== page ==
A Swiss composer born May 9, 1941 in Geneva.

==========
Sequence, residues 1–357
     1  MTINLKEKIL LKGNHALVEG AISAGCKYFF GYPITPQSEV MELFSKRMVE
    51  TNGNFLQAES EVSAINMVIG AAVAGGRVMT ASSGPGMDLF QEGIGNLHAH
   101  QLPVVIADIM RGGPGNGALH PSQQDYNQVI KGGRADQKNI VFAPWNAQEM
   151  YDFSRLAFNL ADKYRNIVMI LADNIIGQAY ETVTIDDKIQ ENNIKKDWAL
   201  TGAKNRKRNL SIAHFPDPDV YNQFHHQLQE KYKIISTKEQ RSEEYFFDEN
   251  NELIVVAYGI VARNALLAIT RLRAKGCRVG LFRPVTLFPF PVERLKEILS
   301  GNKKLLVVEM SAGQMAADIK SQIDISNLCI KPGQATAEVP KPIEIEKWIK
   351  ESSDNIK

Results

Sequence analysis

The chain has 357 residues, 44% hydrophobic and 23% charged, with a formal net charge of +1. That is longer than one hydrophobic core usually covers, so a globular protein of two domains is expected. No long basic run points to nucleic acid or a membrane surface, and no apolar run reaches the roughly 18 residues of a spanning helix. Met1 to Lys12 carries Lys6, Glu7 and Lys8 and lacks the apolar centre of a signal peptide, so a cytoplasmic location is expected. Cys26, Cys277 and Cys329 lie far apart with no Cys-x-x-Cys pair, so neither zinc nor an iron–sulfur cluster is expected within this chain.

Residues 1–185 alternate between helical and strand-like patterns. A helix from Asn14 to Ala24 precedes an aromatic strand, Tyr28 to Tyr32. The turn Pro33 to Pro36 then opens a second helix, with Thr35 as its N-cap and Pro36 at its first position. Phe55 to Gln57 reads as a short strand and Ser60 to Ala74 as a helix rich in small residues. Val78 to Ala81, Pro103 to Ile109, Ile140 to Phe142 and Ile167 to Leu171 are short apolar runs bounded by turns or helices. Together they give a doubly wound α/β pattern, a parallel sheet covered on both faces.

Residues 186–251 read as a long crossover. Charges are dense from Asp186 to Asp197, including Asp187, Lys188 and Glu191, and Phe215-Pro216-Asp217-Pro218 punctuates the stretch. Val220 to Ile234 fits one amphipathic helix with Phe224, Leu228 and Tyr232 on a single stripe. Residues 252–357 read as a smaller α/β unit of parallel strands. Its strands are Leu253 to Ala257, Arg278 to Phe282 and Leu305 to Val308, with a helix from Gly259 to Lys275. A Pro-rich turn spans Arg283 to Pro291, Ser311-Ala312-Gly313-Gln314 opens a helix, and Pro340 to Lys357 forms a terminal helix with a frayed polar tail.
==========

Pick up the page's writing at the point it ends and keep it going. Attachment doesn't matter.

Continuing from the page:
A flautist by training, Gérard Zinsstag studied at the Geneva Conservatory, the Paris Conservatory and the Accademia Chigiana in Sienna. After an itinerant career as an instrumentalist, he devoted himself exclusively to composition in 1975. He then took advanced classes in the summers of 1976-1978 in Darmstadt as well as with Hans Ulrich Lehmann and then Helmut Lachenmann. Foris (1979) for two orchestras, a synthesis of his instrumental investigations into noise, was premiered in Donaueschingen and it launched his career in Europe. His meeting and friendship with Gérard Grisey led them both to an examination of sound matter and to an æsthetic blending spectra and pitch (Tempor, 1992). Seeking greater colour in music, Gérard Zinsstag introduced more expressive materials and elements of extra-European music (Expressivo, 1990; Tahir, 1995). He also quotes classical works, as is shown in his opera Ubu Cocu (2001), borrowing as it does figures from Beethoven, Verdi and Tchaikovsky. Literary works are also an inspiration, for example, notably, the Poem of Gilgamesh (Gilgamesh, 2004-2007, state commission), and the writings of Alfred Jarry and Samuel Beckett (Bing, 2009). One of his recent instrumental works, Lasciar vibrar (2010), was commissioned by the festival Tage für Neue Musik, a festival he founded in 1986 with Thomas Kessler, and that he directed until 1994.